Ellis: This was the big debate between Richard Rubenstein and Elie Wiesel in 1970, where Rubenstein said Jews died by the millions for no reason except that they were Jewish or had Jewish background. You cannot, according to Rubenstein, call these Jews martyrs. Wiesel said that if these Jews are not martyrs, you will consign their life and death, indeed, all of Jewish history, to oblivion. They died in the context of Jewish history. In a sense, that’s why they are martyrs. And they are martyrs because they provide the seedbed for the future. Rubenstein didn’t see a Jewish future. And I think Rubenstein and Wiesel split over whether there was going to be a Jewish future and whether a Jewish future is going to be important. And the term and the concept they split over is martyrdom. Because without martyrdom or the possibility of martyrdom, many other aspects of faith, a communal journey and meaning in history break apart. In other words, if there is nothing to die for, what is there to live for? And most people today would say ‘there is nothing for me to die for in terms of commitment – I live for whatever I can get’. But in the faith community, if there is nothing to die for, why identify as a Jew or a Christian or a Muslim?

CG: Are there Jewish martyrs today? What about the soldiers of Israel, defending the occupied territories, for example, in the face of Palestinian demands? Are these considered as being martyrs?

Ellis: Israeli Jews would perceive Jews who have fallen in Israel’s wars in the line of martyrs, and of course those Jews in Israel who see that and who may have lost loved ones see that in different ways. Some of them see that in the 1948 war of Israeli independence, and the 1967 war, but don’t, for example, see that in the soldiers who died more recently in Lebanon or in the occupied territories. So there are some who believe that all of them are martyrs because they are all extending Israel to its proper place. So there is a division within Israel about that, but certainly those soldiers who fought are considered as martyrs. My own sense is that though you can’t expect people who lose family members in wars of nation states to simply forget them or to think that their deaths are wasted, you have got to ask the question in our time what is martyrdom? That would open up a lot of other questions. It could be that you could be a martyr in the struggle for Jewish empowerment at one point, and at another point be a Jewish martyr by going over to the Palestinian side and arguing for their freedom. It’s possible.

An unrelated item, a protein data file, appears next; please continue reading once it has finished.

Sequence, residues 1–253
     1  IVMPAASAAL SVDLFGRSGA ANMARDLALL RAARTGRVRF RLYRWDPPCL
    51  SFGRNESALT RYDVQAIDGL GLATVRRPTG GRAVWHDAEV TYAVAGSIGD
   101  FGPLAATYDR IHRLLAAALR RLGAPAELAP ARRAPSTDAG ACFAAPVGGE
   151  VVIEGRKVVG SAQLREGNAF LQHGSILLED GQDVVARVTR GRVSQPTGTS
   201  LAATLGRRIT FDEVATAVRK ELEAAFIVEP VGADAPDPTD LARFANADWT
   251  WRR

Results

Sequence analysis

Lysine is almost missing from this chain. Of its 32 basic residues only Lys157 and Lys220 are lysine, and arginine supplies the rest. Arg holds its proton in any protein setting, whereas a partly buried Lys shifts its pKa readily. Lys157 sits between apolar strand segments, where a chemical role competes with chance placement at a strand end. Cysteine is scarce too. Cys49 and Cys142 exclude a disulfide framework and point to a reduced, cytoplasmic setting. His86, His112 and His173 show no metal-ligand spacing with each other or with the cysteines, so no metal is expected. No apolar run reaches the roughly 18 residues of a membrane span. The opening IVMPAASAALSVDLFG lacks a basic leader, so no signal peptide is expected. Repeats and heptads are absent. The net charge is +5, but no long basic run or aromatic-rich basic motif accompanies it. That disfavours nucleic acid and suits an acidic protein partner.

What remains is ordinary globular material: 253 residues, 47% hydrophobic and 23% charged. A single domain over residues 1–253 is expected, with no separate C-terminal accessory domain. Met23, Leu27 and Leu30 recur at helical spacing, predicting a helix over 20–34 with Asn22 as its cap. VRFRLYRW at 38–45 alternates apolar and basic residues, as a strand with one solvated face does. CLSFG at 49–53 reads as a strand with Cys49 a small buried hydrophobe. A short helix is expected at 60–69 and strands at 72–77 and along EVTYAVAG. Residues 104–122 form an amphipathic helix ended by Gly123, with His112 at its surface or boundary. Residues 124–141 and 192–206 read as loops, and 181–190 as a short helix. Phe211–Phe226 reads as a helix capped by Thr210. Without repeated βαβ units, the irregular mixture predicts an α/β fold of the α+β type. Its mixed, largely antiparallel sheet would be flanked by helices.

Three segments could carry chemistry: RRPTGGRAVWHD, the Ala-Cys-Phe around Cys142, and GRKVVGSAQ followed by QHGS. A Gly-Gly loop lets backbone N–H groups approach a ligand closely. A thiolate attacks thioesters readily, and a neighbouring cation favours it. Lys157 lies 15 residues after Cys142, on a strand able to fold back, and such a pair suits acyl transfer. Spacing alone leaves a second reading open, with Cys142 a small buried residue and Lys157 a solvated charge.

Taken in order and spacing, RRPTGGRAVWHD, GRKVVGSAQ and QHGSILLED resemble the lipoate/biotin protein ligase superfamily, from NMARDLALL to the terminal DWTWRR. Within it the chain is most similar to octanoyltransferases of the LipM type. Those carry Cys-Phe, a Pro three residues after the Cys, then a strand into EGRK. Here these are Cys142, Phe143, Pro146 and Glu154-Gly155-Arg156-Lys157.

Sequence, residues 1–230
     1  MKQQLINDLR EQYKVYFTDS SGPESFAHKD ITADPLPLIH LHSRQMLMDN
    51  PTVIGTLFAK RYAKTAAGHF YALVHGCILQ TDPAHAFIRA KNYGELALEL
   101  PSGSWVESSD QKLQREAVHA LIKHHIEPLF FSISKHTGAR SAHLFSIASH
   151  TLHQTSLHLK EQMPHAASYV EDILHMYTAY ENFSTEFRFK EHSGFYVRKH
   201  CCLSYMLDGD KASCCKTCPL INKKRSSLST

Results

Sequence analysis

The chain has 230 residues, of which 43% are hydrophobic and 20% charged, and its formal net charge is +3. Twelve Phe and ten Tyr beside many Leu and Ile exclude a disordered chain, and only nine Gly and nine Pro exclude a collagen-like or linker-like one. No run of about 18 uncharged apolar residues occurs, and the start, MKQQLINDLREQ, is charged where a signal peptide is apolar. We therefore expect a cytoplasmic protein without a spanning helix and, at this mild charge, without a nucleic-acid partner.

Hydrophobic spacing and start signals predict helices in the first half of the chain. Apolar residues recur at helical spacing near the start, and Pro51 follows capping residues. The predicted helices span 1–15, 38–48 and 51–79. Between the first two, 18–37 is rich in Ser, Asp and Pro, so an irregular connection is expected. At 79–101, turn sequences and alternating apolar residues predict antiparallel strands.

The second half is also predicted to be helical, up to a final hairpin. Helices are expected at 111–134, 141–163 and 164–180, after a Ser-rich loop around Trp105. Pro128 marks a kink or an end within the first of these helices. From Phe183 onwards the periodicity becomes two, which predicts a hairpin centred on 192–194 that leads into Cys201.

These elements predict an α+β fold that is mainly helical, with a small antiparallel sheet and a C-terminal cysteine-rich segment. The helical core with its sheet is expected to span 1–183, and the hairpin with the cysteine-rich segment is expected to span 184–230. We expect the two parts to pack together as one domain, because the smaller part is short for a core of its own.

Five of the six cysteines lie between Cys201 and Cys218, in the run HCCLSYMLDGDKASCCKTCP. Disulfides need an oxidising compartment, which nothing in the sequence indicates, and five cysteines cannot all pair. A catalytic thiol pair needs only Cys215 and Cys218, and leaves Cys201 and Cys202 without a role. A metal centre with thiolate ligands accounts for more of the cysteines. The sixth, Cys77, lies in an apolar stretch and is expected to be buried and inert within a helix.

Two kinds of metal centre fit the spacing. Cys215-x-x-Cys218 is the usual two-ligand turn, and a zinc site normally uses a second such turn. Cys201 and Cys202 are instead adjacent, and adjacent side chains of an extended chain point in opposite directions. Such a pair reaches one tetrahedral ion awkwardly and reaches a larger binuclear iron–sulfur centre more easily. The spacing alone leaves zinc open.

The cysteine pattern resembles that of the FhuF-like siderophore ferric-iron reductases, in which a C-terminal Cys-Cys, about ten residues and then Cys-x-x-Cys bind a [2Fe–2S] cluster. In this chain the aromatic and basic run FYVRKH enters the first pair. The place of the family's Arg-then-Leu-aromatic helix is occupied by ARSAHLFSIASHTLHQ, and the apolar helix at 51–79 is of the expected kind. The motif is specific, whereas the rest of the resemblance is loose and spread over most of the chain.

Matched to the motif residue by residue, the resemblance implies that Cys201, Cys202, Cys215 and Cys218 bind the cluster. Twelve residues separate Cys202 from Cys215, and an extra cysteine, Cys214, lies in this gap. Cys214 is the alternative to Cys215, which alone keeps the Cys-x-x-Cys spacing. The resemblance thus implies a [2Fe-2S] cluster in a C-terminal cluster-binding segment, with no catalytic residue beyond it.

CG: Holocaust museums have been built in Europe and the US in recent times as a way to honour and remember the victims of Nazi brutality, but you question this process.

Ellis: Well, I want to ask what the museums are about. I’m not against or for them, but if they are monuments to our suffering, so that we are unaccountable for the suffering of others, then that is a huge problem. If they are monuments to our suffering to make sure that nobody ever suffers like that again, including Palestinians, then I’m much more open to it. But essentially they function in a way that freezes our history at a time when we did not have power, so it constantly reminds us of being powerless, even when we have power. So holocaust museums are not ways of Jews coming to grips with who we are. And because it continues to tell us who we once were, it leaves out the questions we need to ask now. So I am not against memorialising the Holocaust. But in the end it doesn’t help us to come to grips with the central questions of our communal life today, and that is, what we are doing with our power?